Government to soon bring bill on crypto currencies
The government will soon bring a bill on crypto currencies, as existing laws are inadequate to deal with issues concerning them, Minister of State For Finance, Anurag Thakur, told Rajya Sabha on Tuesday.
Replying to a question in the Upper House, Thakur said regulatory bodies like RBI and Sebi do not have any legal framework to directly regulate crypto currencies as they are not currencies, assets, securities or commodities issued by identifiable users.
"The existing laws are inadequate to deal with the subject," he said.
The government had formed an Inter-Ministerial Committee which has given its report on issues related to virtual currencies. There was also a meeting of the Empowered Technology Group. The Committee of Secretaries chaired by the Cabinet Secretary has also given its report.
"A bill (on crypto currencies) is being finalised and it will soon be sent to the Cabinet. We will soon be bringing a bill," Thakur said.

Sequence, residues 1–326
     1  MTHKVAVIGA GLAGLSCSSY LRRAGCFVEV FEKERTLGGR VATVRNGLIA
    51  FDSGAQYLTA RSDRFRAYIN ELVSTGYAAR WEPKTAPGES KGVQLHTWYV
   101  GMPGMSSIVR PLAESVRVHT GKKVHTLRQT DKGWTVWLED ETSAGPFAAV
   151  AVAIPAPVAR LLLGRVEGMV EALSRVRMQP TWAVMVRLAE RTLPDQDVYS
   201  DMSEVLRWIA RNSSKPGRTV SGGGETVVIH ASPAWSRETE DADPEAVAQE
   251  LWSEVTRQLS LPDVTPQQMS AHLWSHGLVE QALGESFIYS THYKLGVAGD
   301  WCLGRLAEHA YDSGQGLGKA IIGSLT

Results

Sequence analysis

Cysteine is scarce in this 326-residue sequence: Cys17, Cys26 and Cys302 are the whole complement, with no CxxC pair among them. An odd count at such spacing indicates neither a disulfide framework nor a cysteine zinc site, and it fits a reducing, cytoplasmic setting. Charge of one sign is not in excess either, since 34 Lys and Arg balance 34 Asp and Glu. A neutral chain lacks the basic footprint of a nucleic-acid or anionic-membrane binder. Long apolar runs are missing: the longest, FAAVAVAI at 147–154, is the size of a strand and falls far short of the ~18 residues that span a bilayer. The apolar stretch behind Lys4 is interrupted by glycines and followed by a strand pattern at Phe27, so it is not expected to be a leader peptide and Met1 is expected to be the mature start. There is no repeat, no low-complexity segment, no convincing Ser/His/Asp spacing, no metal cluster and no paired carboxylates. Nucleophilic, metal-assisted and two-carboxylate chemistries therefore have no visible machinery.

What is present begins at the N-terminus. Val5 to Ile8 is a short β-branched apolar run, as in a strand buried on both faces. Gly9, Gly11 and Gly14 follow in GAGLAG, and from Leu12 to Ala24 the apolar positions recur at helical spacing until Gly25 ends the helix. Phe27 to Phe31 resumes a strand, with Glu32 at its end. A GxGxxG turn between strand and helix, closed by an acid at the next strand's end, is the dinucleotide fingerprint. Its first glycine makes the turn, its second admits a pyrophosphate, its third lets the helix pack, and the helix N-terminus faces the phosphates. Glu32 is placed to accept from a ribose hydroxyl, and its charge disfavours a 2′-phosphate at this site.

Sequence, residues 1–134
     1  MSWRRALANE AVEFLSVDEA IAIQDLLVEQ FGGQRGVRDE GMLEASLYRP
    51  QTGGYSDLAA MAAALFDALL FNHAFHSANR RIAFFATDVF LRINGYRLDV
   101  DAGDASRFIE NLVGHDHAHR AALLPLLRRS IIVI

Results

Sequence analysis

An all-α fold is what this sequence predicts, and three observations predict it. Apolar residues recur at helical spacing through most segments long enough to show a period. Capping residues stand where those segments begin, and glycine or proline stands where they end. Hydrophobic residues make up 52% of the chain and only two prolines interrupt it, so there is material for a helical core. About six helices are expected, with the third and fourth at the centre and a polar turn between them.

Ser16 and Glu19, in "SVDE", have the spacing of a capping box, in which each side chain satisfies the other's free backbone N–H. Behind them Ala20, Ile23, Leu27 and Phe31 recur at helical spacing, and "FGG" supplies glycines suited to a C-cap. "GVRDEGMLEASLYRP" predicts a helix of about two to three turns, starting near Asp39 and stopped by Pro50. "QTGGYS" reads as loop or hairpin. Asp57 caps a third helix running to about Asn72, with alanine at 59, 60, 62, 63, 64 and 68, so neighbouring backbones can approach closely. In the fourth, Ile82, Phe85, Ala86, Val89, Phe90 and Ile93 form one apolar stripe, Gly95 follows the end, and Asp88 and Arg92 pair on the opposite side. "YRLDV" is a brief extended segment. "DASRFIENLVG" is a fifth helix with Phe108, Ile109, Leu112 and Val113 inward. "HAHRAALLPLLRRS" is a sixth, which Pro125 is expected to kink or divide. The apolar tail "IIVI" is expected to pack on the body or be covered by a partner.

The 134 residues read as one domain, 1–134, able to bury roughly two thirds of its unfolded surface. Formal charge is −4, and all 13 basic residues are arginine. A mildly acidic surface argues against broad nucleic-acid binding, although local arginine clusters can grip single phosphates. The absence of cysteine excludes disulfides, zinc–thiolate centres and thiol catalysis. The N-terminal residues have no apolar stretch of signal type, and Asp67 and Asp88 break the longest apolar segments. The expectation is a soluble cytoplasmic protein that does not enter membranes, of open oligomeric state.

In view of the risks associated with Virtual Currencies (VCs), including Bitcoins, the Reserve Bank of India (RBI) through a circular in April 2018, had advised all the entities regulated by it not to deal in VCs or provide services for facilitating any person or entity in dealing with or settling VCs.
However, Supreme Court, vide judgement dated March 4, 2020, had set aside the RBI's circular.
To another question regarding Chinese companies in the country, the minister said as of now, there are around 92 companies registered in the country. Out of them, 80 Chinese companies are actively working in India.
In another development, Tesla has opened the possibility of accepting bitcoins as payments for its products and has already bought $1.5 billion worth of the cryptocurrency.
The electric vehicles maker, in its filings with the Securities and Exchange Commission, said bitcoin would provide more flexibility to further diversify and maximise returns on its products. The decision to accept bitcoins in exchange for its products is also subject to certain applicable laws and it is very unlikely that it will happen anytime soon.
(Disclaimer: Additional background information has been added to this PTI copy for context)